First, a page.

A third of construction workers haven’t felt financially stable for past twelve months

New research undertaken by a business insurance website has revealed that a third of UK construction workers have not felt ‘financially stable’ during the past twelve months. ‘A lack of well-paid freelance jobs’, ‘the rising costs of living’ and ‘being out of work’ emerged as the most common worries which left respondents feeling insecure.

As part of its ongoing research into insights and trends surrounding the construction industry, a leading business insurance site has investigated the financial attitudes of construction workers with a view to understand how financially secure and confident they feel in their chosen careers.

Researchers at www.constructaquote.com polled a total of 2,138 workers currently employed within the construction industry, all of whom were aged 18 and over. Of the respondents, the majority (58%) were in full-time employment with a construction company or business, whilst the remaining 42% stated that they were self-employed or freelance at the time of the survey.

When initially asked to reveal if they felt that their lives were better, easier or happier during times of financially stable periods where money was less of a worry, the overwhelming majority of construction workers (87%) agreed that this was true.

Participants were then questioned on how often they had felt financially stable during the past twelve months. Just over a third (34%) of respondents revealed that they had not felt financially stable at all. Of these workers, the majority (78%) were self-employed. Only 11% of those questioned stated that they had felt financially stable throughout the whole year.

When these respondents were asked to reveal the most common reason as to why they had not felt confident in terms of their financial situation within the past year, the most frequently relayed answers emerged as follows:

  • A lack of well-paid freelance jobs in my trade/sector- (38%)
  • The rising cost of bills (electricity/heating/mortgage repayments etc) – (26%)
  • Not getting paid for work carried out- (21%)
  • Increased costs from important life event (a new baby, wedding planning, struck down with illness etc)- (14%)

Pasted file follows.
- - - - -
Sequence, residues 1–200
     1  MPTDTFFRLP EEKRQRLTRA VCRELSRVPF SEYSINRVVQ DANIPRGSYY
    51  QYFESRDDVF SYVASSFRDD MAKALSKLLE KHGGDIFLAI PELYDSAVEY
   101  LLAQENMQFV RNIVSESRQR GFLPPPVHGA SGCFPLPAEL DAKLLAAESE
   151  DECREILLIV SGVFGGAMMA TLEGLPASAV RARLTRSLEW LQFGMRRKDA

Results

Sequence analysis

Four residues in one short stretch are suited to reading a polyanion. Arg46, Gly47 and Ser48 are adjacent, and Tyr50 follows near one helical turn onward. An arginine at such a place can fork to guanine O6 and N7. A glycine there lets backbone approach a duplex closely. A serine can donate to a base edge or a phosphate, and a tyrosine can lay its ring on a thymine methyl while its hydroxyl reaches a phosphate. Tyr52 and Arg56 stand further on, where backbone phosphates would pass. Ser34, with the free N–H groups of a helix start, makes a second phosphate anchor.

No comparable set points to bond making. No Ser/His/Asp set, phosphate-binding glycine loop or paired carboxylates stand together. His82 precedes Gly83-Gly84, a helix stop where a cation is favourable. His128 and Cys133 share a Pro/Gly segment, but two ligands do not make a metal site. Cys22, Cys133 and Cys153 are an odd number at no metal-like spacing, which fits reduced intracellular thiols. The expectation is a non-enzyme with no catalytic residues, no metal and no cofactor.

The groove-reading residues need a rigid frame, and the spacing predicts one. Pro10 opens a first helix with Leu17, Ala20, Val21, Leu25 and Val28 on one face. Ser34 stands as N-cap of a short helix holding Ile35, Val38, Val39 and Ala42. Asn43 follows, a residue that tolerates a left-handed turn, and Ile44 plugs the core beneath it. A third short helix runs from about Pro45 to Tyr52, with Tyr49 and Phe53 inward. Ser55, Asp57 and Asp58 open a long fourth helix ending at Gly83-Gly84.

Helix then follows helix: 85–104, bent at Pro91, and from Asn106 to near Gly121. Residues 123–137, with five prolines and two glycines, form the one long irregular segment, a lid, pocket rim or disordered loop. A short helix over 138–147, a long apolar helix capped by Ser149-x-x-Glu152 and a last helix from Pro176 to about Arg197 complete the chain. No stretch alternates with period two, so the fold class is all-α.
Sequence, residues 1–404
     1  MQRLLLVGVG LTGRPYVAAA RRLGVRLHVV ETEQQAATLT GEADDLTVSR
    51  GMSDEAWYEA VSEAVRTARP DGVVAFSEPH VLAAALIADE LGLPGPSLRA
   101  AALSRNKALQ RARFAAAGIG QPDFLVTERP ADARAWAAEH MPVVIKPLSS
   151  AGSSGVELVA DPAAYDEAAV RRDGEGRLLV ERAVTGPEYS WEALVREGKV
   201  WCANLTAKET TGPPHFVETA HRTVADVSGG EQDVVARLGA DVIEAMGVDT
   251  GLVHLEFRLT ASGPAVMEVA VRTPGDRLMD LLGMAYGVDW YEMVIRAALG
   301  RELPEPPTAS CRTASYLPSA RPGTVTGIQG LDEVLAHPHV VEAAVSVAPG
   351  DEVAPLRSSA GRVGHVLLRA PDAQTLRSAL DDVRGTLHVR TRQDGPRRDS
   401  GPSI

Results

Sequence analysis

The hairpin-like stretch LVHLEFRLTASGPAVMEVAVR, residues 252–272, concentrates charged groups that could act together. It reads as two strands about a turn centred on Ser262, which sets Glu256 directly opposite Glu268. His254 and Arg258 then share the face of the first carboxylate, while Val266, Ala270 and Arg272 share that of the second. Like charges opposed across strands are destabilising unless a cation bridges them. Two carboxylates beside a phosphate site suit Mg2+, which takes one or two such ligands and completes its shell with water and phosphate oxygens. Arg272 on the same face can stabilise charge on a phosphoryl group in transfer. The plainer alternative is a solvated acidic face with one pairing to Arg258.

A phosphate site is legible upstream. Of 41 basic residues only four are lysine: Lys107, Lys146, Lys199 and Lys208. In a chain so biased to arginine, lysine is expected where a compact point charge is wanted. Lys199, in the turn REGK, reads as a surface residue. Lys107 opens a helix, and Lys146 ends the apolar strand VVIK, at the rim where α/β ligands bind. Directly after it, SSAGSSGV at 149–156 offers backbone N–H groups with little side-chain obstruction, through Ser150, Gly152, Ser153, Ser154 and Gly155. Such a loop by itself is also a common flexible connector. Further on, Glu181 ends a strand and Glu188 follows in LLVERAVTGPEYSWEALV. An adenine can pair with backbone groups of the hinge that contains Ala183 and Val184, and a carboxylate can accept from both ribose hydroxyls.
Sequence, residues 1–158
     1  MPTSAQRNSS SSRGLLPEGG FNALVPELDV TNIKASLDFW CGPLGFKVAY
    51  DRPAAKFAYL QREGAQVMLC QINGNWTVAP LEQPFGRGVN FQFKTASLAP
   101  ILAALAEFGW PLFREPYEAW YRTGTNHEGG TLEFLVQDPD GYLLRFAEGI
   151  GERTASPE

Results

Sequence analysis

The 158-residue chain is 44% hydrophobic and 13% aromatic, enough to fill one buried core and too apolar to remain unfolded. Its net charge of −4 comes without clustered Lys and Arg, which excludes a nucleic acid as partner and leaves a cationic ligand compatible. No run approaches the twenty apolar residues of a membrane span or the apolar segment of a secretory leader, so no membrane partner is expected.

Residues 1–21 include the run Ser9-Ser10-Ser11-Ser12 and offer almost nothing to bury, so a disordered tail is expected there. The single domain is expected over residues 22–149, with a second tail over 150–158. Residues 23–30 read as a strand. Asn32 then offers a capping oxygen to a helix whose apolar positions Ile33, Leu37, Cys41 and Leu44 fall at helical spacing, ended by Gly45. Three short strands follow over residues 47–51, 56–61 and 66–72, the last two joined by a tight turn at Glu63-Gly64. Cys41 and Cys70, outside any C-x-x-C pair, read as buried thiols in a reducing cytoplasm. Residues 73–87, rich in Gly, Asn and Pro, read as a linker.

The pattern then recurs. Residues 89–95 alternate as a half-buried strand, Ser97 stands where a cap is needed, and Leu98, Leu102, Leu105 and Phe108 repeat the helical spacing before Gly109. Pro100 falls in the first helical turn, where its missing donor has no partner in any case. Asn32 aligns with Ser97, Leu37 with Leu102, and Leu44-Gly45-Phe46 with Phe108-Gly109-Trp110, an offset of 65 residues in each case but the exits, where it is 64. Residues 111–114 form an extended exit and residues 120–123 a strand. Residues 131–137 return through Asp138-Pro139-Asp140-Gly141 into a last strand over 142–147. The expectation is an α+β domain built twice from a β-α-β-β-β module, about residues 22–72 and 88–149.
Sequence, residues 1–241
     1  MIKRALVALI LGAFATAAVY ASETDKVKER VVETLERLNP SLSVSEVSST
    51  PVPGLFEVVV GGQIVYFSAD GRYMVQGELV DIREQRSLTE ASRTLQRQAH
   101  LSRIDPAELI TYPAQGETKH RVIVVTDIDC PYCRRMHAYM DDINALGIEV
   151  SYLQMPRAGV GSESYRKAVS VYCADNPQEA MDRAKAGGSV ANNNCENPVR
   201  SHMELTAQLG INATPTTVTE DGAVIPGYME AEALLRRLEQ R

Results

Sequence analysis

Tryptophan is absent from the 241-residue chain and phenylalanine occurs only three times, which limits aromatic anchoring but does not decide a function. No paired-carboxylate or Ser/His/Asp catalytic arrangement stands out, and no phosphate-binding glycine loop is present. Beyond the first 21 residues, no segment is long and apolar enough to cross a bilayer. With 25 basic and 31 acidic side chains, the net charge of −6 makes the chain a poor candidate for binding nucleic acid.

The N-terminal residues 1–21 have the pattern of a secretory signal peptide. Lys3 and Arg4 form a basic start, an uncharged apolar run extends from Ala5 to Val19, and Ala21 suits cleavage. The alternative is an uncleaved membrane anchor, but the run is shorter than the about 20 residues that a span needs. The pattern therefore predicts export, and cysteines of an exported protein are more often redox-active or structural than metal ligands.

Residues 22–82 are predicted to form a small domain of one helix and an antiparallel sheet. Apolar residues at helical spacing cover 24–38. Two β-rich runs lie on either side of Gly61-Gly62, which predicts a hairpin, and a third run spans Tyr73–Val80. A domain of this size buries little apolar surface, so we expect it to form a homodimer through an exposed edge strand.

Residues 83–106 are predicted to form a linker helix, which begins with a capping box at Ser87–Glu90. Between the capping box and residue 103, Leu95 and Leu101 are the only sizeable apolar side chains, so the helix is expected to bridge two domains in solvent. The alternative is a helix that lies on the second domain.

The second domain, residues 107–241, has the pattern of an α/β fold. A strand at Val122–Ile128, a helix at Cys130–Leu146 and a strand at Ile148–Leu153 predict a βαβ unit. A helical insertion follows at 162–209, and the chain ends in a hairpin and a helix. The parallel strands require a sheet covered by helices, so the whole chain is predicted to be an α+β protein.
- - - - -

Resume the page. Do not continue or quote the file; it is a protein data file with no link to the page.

• Becoming the sole earner of household- (8%)

All those who had felt financially unstable during the last year, just over half (53%) admitted to researchers that they had or had considered taking out a loan to help tide them over during particularly expensive periods. A further 23% revealed that they’d also considered taking on a second job in order to boost their finances.

Looking to delve a little deeper, researchers then questioned relevant workers on whether they felt as though their personal relationships had been affected through their lack of financial stability. Over three fifths (61%) admitted it had put a strain on their relationship with a significant other due to arguments, guilt and stress, whilst a further 39% felt as though their friendships had suffered as a result of a lack of social life and being able to afford to participate in group activities.

Lyndon Wood, CEO and creator of constructaquote.com, made the following comments regarding the research’s findings.

“During these past few years since the recession, it has certainly been tough for workers in most industries, not to mention those working within the construction trade. Being self-employed suits many builders and construction workers, as well as those they contract for, who needn’t worry about such complications as national insurance contributions, sick pay or holiday pay.”

“Having said that, it is clear from our research that the pressures and downsides associated with having to find work for yourself on a regular basis with no promise of a set monthly income can have a huge impact on emotional wellbeing and financial security.”

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